Hart, JohnP., and Robert S. Feranec. 2019. The Dog That Wasn’t: An Historical Pig Burial on the Sixteenth-Century AD Klock Site, Fulton County, New York. Archaeology of Eastern North America 47:1-6.
Abstract. An articulated animal skeleton was found in a pit feature at the cal. sixteenth-century AD Klock site in Fulton County, New York during New York State Museum excavations in 1970. The skeleton was reported as a dog burial associated with the Native American occupation in Funk and Kuhn’s 2003 report on the site. Recent analysis indicates that the animal was a six-month-old domesticated pig. A radiocarbon date on the skeleton indicates the animal was most likely buried in the cal. nineteenth century AD, well after the Native American occupation of the site.
Reviews of the archaeological record of camels in Europe include one reported occurrence from a Roman site in Greenwich Park, England. Examination of the site reports and the surviving bones from the Greenwich Park site indicates that it is unlikely that camel remains were ever found there, and therefore there is no existing osteological evidence for camels in Roman-Britain.
Neither the one-hump dromedary (Camelus dromedarius) nor the two-hump Bactrian camel (Camelus bactrianus) is native to Europe, but both species of camel were used by the Romans. Scattered remains of both species of camel, as well as hybrids of the two, have been reported in Roman-era archaeological sites in Europe, including a single site in Great Britain, at Greenwich Park near London (Applebaum 1987:514; Bond 2017; Green 2017; Pigière and Henrotay 2012; Webster 1902).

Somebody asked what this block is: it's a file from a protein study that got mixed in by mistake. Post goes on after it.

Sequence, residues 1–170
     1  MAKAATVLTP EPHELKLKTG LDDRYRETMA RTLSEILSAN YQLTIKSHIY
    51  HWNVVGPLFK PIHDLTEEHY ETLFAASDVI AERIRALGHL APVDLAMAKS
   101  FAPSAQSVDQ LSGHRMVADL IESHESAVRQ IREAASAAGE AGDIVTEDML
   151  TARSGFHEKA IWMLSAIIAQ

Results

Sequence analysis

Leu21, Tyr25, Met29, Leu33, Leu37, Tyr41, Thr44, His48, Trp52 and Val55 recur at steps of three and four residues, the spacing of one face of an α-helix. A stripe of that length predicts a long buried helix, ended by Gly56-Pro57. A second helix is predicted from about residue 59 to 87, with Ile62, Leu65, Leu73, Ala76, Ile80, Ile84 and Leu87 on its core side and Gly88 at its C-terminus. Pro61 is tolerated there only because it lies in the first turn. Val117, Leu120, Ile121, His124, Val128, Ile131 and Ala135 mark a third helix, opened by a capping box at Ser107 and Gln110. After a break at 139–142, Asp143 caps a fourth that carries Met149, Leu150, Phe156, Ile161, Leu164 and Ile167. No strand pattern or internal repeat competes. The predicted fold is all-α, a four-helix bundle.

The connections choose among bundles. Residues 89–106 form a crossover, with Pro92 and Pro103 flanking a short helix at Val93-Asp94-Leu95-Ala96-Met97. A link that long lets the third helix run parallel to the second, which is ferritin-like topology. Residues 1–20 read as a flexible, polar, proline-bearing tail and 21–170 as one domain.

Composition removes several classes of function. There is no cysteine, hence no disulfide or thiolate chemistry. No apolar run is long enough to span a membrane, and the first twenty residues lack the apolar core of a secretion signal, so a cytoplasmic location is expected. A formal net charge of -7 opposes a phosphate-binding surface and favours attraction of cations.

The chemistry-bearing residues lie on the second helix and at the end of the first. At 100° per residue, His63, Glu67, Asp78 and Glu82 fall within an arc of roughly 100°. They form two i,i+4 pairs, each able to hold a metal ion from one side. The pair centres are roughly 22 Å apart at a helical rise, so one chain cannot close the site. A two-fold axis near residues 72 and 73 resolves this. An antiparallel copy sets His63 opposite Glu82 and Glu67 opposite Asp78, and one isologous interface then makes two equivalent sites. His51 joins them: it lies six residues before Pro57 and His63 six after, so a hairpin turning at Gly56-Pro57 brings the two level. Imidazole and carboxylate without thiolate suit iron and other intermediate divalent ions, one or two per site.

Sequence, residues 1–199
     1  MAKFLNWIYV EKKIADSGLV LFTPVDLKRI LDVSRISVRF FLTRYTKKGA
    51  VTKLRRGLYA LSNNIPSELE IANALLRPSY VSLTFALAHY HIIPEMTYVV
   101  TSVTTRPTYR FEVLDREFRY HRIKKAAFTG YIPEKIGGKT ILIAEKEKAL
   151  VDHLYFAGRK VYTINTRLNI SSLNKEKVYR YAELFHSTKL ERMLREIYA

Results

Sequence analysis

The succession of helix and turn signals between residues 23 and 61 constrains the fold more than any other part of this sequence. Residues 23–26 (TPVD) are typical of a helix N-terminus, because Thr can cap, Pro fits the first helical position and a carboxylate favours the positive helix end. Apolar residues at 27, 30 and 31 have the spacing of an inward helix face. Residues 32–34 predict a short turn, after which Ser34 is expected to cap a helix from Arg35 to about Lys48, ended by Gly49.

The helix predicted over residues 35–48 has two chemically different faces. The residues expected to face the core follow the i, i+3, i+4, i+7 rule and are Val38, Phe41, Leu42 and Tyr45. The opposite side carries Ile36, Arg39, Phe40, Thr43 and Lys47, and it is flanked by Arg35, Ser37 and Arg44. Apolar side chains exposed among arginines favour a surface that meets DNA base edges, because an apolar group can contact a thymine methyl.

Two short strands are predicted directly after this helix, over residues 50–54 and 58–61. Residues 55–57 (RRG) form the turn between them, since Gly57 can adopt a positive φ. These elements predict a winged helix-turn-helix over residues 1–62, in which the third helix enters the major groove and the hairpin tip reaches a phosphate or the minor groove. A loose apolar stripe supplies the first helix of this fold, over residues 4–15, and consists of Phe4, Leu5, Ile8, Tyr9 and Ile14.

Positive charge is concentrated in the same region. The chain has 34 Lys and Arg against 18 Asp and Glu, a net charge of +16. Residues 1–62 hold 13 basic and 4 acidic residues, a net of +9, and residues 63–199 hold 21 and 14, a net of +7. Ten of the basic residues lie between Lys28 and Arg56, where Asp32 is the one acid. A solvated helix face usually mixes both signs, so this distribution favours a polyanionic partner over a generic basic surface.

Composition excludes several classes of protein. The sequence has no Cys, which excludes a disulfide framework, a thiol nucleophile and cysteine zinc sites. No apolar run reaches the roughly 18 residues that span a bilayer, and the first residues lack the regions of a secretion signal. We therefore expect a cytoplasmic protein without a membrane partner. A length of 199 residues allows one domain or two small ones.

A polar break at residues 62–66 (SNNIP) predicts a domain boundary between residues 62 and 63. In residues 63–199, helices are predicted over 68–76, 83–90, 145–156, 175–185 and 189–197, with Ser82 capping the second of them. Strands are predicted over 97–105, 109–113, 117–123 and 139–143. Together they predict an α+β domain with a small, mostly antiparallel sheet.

Other finds of one or a few isolated camel bones have been reported from Roman sites in Spain, Portugal, France, Italy, Austria, Germany, Hungary, Switzerland, Serbia, Slovenia, Bulgaria, and Russia (Albarella et al. 1993; De Grossi Mazzorin 2006; Muñiz et al. 1995; Pigière and Henrotay 2012; Tomczyk 2016), and a partially complete skeleton was found at both Saintes in France and Viminacium in Serbia (Pigière and Henrotay 2012; Tomczyk 2016; Vuković and Bogdanović 2013).
While most of the other camel finds in continental Europe are based on relatively recent analyses of actual osteological material, the Greenwich Park record is based on a report dating back to the very early twentieth century (Webster 1902). A review of the published reports and an examination of the surviving bones from this site cast doubt on the presence of camel at Greenwich Park.
This 2015 post on This Week in Pennsylvania Archaeology is about zooarchaeology and includes new photos of animal bones and cut marks from the famous Eschelman Site in Lancaster County, which was the subject of one of the earliest systematic analyses of bone modification marks on an American faunal assemblage.
Guilday, John E., Paul W. Parmalee and Donald P. Tanner
1962 Aboriginal Butchering Techniques at the Eschelman Site (36LA12), Lancaster County, Pennsylvania. Pennsylvania Archaeologist 32(2):59-83.
Open to female zooarchaeologists currently enrolled in graduate school, the Dienje Kenyon Memorial Fellowship includes a $1,000 award and a plaque. Nominations for the award are due December 15, 2015.
The official description:
In honor of the late Dienje M. E. Kenyon, a fellowship is offered to support a female archaeologist in the early stages of graduate zooarchaeology training, Kenyon’s specialty. An award of $1,000 will be made. To qualify for the award, applicants must be enrolled an M.A. or Ph.D. degree program focusing on archaeology. Strong preference will be given to applicants in the early stage of research project development and/or data collection, under the mentorship of a zooarchaeologist.